Kospi rises as much as 0.4%, while won little changed
BOK policy meeting, GDP data this week matter more, they say
North Korea launched an intercontinental ballistic missile near Japan, but investors and analysts were unfazed by the latest provocation.
The benchmark Kospi index opened higher Wednesday morning, gradually climbing as much as 0.4 percent with financial shares and automakers spurring the advance. The won was steady against the dollar at 1,084.15 as of 10:59 a.m. in Seoul, while benchmark 10-year sovereign bond yield was little changed at 2.492 percent.
The latest ICBM test fits a pattern of investors brushing aside geopolitical tit-for-tat moves and instead focusing on a world that’s still awash with liquidity, where economies and earnings are powering on. Among the focus are the Bank of Korea’s policy decision on Thursday and figures for gross domestic product on Friday, investors said.
Stephen Innes, head of trading for Asia-Pacific:
The KRW reaction is very telling as USDKRW NDF barely moved, he said in a note
“Geopolitically risk desensitized investors view little chance of escalation and are using these opportunities to add risk”
On the broader won rally, he says the move has more to do with Thursday’s BOK rate decision. “Traders will be on the edge of their seat awaiting the BOK rate hike and more specifically what tone the governor will take. There’s a high chance for dovish interest hike. Crunch time for Asia FX traders,” he wrote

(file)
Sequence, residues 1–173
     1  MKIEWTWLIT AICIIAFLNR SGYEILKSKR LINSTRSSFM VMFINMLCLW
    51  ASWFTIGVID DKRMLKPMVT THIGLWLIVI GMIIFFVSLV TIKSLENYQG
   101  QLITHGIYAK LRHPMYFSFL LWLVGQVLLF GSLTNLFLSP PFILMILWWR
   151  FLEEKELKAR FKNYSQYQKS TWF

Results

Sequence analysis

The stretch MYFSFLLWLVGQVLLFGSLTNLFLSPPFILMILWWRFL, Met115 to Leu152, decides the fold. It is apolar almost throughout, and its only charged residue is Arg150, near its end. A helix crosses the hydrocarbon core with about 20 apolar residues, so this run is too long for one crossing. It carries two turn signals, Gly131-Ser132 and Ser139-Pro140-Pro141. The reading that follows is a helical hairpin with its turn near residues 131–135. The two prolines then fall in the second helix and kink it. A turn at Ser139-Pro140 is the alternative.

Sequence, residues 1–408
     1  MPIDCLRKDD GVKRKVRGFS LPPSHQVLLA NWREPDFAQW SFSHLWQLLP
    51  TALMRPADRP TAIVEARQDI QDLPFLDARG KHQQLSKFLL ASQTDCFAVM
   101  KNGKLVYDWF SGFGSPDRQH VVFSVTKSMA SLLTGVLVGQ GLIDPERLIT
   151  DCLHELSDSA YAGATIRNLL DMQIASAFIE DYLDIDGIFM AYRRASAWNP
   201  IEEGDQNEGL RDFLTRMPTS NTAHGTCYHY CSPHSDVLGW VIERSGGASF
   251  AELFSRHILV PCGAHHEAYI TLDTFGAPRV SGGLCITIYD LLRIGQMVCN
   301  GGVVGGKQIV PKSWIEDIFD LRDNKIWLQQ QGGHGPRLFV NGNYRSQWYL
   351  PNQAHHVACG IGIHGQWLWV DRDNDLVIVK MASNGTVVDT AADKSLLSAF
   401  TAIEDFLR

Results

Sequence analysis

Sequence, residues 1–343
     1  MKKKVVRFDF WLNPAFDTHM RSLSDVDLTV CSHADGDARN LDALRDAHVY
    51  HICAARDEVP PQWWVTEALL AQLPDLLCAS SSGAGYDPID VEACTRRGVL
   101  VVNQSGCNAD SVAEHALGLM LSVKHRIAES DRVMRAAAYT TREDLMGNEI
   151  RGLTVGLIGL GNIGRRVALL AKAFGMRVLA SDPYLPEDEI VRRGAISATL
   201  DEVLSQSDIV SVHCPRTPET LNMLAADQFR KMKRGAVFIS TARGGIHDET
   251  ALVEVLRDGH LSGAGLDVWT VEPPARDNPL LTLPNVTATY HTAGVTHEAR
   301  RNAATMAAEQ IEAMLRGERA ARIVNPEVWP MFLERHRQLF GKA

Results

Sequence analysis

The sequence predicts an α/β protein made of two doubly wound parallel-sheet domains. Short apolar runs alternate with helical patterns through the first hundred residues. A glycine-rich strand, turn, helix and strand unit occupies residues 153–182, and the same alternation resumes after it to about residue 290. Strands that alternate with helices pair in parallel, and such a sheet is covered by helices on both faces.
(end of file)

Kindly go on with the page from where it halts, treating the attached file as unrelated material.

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Stephen has over 25 years of experience in the financial markets and currently based in Singapore as the Head of Trading Asia Pacific with OANDA. Stephen's market views focus on the movement of G-10 and ASEAN Currencies. His views appear in Bloomberg, CNBC.Reuters, New York Times WSJ and the Economist. His media appearances include Bloomberg TV & Radio, BBC International, Sky TV, Channel News Asia, ASTRO AWANI and BFM Malaysia. Stephen has an extensive trading experience in Spot and Forward FX, Currency and Interest Rate Futures, Money Market Derivatives and Precious Metals. Before joining OANDA, he worked with organisations like Nat West, Chemical Bank, Garvin Guy Butler, and Sumitomo Mitsui Banking Corporation. Stephen was born in Glasgow, Scotland, and holds a Degree in Economics from the University of Western Ontario.